Ellen and Jim Fields are living large on the splendid Yucatan peninsula of Mexico. They have been here for eight years and counting, run an expat services company (Yucatan Expatriate Services) and publish a fascinating account of their lives and the region at their online magazine Yucatan Living.
Read more about expat life here in the Expat Arrivals guide to Mexico or read more expat experiences in Mexico.
Q: Where are you originally from?
A: San Luis Obispo, California
A: San Luis Obispo, California
Q: Where are you living now?
A: Merida, Yucatan in the San Sebastian/L’Ermita district
Q: How long you have you lived here?
A: Eight years
Q: Did you move with a spouse/ children?
A: My husband and I moved with our 16-year old daughter at first. She returned after six months to finish high school in San Luis Obispo and we remained here.
Q: Why did you move; what do you do?
A: We moved for many reasons… we had lost our jobs in the dot-com bust and we lived in a small town. We tried to start a business but it was right after 9-11 and nothing was happening. We had high expenses and we were going to have to move anyway to get work… so instead of moving to a big city in the US, we decided to make an adventure out of it and move to another country.
Q: What do you enjoy most about your Merida, how’s the quality of life as an expat in Mexico?
A: The quality of life is very high here. Low crime, lots of culture, a growing economy, international expat population, generous and welcoming Yucatan population, more cultural events than anyone can go to, lots of music, dancing, beautiful architecture, great weather, and no earthquakes. Ever. Occasionally we get a hurricane, but you have a few days warning about those, and since Merida isn’t on the beach, it’s not a problem.
Q: Any negatives? What do you miss most about home?
A: It’s a city and it can be noisy at times. I miss the mountains… there are no mountains here.
Q: Is Mexico safe?
A: Safer than anywhere I have ever lived (New York, Los Angeles, San Luis Obispo)
About expat living in Mexico
Q: Which are the best places/suburbs to live in the city as an expat?
A: Most expats like the Centro for the colonial homes. There are a lot of more modern suburbs in Merida and it is expanding all the time. Also, twenty minutes away are various beach cities on the Gulf of Mexico. There are expats all along the coast there.
Q: How do you rate the standard of accommodation in Mexico?
A: You can live in a one-room palapa or a palace… it’s all here.
Q: What’s the cost of living in Mexico compared to America? What is cheap or expensive in particular?
A: Again, it’s up to you. The nice thing about Merida (and Mexico) is that you can choose how you want to live. You can eat at a cocina economica for 25 pesos or have a fancy dinner in a modern restaurant for 150 USD.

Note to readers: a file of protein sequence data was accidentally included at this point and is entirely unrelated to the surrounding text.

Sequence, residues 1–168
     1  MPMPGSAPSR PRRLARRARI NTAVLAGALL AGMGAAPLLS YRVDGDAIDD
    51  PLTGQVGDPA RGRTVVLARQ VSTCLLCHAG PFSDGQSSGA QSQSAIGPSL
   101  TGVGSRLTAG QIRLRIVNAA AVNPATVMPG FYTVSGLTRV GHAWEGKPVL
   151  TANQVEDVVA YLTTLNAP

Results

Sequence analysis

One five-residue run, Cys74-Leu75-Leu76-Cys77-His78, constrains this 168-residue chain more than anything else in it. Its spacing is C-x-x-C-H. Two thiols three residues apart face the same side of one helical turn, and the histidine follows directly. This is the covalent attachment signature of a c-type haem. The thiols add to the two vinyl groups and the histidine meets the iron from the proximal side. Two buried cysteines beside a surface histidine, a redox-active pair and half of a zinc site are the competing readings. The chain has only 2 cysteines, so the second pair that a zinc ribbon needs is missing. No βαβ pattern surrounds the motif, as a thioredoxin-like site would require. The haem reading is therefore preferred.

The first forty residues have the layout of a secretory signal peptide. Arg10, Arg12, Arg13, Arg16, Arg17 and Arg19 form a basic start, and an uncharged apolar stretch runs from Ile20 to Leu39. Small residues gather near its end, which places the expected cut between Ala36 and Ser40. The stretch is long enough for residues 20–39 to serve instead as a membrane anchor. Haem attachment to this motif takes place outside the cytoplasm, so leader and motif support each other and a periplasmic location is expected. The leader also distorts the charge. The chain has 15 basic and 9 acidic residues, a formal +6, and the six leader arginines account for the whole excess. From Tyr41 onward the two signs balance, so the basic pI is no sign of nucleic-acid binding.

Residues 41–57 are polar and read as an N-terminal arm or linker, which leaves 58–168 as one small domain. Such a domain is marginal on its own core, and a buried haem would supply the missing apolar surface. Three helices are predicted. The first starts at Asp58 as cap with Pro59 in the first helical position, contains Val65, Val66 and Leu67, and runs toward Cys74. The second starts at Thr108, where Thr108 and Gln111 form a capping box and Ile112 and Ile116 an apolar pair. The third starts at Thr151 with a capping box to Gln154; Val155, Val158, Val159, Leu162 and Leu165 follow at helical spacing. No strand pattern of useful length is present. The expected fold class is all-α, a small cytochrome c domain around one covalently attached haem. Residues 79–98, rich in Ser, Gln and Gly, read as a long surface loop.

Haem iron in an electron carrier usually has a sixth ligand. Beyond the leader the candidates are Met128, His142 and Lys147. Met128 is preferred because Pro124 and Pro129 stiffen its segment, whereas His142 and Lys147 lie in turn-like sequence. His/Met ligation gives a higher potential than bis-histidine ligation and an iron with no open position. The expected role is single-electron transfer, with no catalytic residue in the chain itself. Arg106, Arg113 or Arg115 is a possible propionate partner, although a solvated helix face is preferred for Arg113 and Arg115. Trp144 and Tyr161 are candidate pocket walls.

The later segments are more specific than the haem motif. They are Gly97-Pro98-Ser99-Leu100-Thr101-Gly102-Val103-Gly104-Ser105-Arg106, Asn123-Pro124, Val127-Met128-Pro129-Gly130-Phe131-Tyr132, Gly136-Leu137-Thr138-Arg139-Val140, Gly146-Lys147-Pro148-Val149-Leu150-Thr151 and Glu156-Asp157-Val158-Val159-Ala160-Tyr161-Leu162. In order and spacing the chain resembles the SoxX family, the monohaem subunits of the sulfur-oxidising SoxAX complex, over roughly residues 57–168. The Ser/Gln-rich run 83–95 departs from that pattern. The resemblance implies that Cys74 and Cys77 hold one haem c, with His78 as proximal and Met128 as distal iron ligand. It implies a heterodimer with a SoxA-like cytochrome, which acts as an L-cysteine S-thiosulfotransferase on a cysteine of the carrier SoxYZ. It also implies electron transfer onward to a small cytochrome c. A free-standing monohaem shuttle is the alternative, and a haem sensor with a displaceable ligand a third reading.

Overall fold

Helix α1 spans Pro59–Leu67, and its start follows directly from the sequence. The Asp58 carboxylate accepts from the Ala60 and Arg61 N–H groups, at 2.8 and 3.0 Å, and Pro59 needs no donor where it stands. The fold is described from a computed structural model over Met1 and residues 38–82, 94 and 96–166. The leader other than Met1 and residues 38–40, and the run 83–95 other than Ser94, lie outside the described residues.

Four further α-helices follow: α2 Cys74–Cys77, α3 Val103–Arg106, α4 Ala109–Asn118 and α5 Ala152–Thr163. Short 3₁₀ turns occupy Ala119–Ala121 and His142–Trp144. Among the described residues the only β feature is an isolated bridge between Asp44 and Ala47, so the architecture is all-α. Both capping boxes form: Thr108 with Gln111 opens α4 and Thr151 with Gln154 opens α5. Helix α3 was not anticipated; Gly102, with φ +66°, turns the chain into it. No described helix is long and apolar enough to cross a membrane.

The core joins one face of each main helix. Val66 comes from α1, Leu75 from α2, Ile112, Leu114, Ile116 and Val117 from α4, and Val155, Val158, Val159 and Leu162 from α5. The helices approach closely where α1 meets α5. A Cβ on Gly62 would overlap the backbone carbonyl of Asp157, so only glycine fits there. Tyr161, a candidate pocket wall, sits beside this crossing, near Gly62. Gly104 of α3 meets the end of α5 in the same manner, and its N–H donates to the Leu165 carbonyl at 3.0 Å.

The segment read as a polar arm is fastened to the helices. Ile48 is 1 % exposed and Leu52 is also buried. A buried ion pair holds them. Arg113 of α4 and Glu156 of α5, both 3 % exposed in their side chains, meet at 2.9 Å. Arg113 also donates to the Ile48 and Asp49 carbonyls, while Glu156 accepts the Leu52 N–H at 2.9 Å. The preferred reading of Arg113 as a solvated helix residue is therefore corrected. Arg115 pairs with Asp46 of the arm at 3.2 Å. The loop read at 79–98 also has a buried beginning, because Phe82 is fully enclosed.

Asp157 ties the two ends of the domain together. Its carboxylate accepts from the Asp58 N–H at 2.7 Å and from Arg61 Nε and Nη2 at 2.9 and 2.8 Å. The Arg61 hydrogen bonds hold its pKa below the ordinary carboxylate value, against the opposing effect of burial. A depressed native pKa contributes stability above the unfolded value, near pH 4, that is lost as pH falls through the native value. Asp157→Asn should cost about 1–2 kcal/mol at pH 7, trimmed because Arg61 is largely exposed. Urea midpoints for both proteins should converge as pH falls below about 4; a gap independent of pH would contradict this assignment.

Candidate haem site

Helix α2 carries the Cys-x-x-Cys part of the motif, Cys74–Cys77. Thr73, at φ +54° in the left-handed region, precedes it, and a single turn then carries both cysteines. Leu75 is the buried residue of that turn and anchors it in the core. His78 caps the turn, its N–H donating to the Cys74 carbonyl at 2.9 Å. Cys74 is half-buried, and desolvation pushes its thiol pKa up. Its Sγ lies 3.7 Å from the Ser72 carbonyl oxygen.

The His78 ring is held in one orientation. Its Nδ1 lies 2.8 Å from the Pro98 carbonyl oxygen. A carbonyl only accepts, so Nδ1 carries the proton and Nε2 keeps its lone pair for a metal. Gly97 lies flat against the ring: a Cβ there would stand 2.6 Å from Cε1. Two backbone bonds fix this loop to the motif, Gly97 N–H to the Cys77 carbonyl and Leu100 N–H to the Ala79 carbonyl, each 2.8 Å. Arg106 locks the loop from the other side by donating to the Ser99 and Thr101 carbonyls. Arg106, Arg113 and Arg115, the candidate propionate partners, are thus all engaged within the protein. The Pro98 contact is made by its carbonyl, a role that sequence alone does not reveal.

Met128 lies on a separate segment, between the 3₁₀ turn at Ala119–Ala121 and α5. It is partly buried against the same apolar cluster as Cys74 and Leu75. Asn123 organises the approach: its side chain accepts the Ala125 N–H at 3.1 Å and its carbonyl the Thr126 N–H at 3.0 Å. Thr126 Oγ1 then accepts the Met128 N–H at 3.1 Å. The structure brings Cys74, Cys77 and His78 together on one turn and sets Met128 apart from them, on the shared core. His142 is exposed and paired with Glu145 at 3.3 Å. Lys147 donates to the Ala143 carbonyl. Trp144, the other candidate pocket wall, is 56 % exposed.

Q: What are the locals like; do you mix mainly with other expats?
A: We mix with both expats and Yucatans. The Yucatans are very welcoming, and more and more of them speak some English.
Q: Was it easy meeting people and making friends?
A: Yes. Too easy. Our social schedule gets out of hand sometimes.
About working in Mexico
Q: Did you have a problem getting a work visa/permit?
A: No, we started our own company. Mexico loves that and it’s not hard to do.
Q: What’s the economic climate like in the city, is there plenty of work?
A: The economy of Mexico seems to be growing. It was going great for awhile, and then disaster struck. World economic disaster, swine flu (and special reporting from the US Media blaming it on Mexico) and the narcotrafficante violence (which hasn’t been a problem in Yucatan), but that isn't reported. The media paints Mexico with a broad brush… according to them, the violence happens “in Mexico” and so people avoid ALL of Mexico. Ridiculous. It’s like avoiding Los Angeles because there was a murder in New York.
Q: How does the work culture differ from home?
A: More laid back. No one gets upset if you are half an hour late to an appointment. Many people go home after lunch for a siesta and come back and work at the end of the day.
Q: Did a relocation company help you with your move?
A: No, we did it ourselves.
Family and children
Q: Did your spouse or partner have problems adjusting to their new home?
A: We all suffered culture shock. For the first six months, we spent a lot of time at home, watching the American channels on television. But we also ventured out, explored and the more we did that, the more comfortable we felt. Now, eight years later, it feels like home.
Q: Did your children settle in easily?
A: No, our daughter was 16 when we brought her here, and it was a tough age to move. She wanted to graduate with her high school class, so we sent her back to live with friends and do just that. She loves Mexico and visits when she can, but she hasn’t moved back since then.
Q: What are the schools like, any particular suggestions?
A: There are lots of schools. We have an article that gives that information: www.yucatanliving.com/yucatan-survivor/schools-in-merida-yucatan.htm
Q: How would you rate the healthcare in Mexico?
A: Fabulous. The doctors are good, and have usually spent some time in the States. They take time with their patients. There are four private hospitals in Merida, and they are good. One of them is great. The dentists here are excellent.
Q: Is there any other advice you like to offer new expat arrivals?
A: Tons of advice… More than we can impart here. That’s why we write a website: www.yucatanliving.com
~ Interviewed February 2010